Dame Jane Glover on Mendelssohn’s Scottish Symphony

Dame Jane Glover on Mendelssohn’s Scottish Symphony

This month the Houston Symphony is delighted to welcome back our friend and frequent collaborator, the esteemed Dame Jane Glover who will lead the orchestra in Mendelssohn’s picturesque Scottish Symphony. Quickly into his first and only trip to Scotland, inspiration struck the composer, which he recounted in a series of letters back home about the opening movement of this piece. We met with Glover to dive into a bit of the background on the piece and what audiences can expect to hear later this month.

Houston Symphony: You’re internationally renowned as one of our greatest conductor/scholars for music of the Baroque period and such composers as Handel and Bach. Does conducting this piece from a Romantic era composer require you to alter your approach to the piece or to communicate differently with the musicians?

Jane Glover: Not really! There are more people on the platform, but the approach is the same.

HS: Specifically, Mendelssohn wrote in an 1829 letter that the opening of this work was inspired by his visit to the Holyrood Palace where the ill-fated Mary, Queen of Scots was crowned as sovereign. The piece’s opening measures are described as dark and brooding, with a sort of quiet, simmering passion. In your opinion, what musical elements can audiences identify and attribute to Scotland?

JG: The letter that Mendelssohn wrote to his family from Scotland, after the visit to the ruined chapel at Holyrood, does state that he thought he had found there the beginnings of his Scottish symphony. He certainly depicts something dark and serious in the opening bars, with their low-instrument scoring. But apart from that and passing echoes later on of the seas around the Hebrides, which we also hear in his Hebrides overture, the Scottish connection is a spur, no more.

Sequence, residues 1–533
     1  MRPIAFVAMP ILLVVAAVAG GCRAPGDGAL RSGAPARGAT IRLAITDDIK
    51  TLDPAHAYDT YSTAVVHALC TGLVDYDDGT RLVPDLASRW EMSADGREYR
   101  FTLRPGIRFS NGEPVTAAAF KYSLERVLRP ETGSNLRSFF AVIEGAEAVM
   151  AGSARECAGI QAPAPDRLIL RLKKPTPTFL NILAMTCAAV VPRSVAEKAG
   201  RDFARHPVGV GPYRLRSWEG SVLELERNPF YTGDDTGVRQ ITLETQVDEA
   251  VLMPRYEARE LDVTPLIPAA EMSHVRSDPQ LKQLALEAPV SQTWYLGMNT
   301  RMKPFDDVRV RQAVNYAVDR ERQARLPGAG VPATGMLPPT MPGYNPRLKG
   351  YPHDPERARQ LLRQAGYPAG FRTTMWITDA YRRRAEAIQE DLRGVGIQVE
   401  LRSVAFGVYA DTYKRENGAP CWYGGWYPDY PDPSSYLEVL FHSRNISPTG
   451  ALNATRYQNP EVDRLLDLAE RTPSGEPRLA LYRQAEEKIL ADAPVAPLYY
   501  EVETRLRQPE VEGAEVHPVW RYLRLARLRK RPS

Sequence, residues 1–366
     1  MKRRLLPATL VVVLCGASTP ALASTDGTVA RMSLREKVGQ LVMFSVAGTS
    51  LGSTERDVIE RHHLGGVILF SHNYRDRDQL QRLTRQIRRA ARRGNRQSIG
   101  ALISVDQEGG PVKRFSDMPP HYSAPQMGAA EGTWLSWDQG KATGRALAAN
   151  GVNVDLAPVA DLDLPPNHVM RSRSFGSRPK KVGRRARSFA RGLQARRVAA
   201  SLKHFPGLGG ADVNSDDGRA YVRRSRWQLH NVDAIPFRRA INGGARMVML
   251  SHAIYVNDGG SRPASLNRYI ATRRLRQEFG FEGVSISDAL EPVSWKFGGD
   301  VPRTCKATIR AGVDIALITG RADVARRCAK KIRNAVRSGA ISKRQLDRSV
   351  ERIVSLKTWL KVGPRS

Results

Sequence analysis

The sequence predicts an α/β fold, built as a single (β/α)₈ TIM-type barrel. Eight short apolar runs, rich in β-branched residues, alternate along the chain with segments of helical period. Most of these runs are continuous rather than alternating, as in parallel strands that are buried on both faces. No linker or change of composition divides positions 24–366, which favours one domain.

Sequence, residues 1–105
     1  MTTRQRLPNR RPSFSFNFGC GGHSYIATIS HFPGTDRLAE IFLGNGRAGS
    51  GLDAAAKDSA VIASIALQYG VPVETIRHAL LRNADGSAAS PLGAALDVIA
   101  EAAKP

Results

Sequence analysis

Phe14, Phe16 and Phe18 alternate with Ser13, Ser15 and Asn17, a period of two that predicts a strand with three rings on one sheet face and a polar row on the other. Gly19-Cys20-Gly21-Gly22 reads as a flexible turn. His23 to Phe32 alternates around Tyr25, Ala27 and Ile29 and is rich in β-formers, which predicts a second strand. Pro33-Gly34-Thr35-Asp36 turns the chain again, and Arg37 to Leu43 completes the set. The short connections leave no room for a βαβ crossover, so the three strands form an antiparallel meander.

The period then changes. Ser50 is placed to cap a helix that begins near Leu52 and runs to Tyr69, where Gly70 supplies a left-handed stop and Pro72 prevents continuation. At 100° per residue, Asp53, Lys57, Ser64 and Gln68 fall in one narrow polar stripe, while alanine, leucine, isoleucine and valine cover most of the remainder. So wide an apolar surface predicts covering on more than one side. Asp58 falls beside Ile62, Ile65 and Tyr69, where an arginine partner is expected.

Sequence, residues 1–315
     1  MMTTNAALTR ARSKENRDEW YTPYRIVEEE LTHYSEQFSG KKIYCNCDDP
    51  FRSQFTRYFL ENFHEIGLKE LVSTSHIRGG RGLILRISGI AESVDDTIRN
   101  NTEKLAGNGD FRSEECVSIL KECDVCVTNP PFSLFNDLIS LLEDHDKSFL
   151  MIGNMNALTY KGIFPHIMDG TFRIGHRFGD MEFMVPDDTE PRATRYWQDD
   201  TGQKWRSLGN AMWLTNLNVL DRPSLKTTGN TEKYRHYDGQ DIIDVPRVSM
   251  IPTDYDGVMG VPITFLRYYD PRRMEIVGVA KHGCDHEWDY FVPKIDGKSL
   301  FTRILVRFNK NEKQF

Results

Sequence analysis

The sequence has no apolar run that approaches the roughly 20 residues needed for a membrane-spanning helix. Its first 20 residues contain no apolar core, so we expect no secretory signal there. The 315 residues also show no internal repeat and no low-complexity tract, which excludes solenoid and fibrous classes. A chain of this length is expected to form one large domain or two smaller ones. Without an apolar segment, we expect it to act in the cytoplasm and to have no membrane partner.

HS: Although he began the piece in 1829, it would not be premiered until 1842, at which time it was dedicated to another royal, Queen Victoria. Can you speak to the role composers and music played to palace life in the Romantic era compared to those court and church-appointed composers such as Bach a couple centuries prior?

JG: This was a courteous dedication (and perhaps a glancing acknowledgment of the first Queen whose chapel had inspired him), made in the year that Mendelssohn actually visited Queen Victoria at Buckingham Palace. She was a great admirer of his and loved to listen to him playing. In Bach’s day, the relationship with courtly or regal patrons was different, in that they could and did offer permanent employment… and to an extent issue instruction.

HS: Mendelssohn’s original conclusion to the piece is genial in nature, signifying a happier ending, however, several Twentieth Century music critics were more in favor of the piece’s prominent dark themes, even going as far as to rewrite the ending coda. Both versions (Mendelssohn’s original ending and Twentieth Century rewrites) have been recorded, but there’s been a recent movement to revert to Mendelssohn’s original intention for the finale. Which version will you be performing with the symphony and why?

JG: We will definitely be performing Mendelssohn’s original upbeat ending to the symphony. Although it begins perhaps in despondency, it certainly ends triumphantly!

Ready your passports and embark on a trip to Scotland, a land of castles and Highland beauty, when the Houston Symphony and Jane Glover perform this enchanting work, October 22–24 at Jones. For tickets and more information, including livestream options, visit the concert page.

By Mark Bailes

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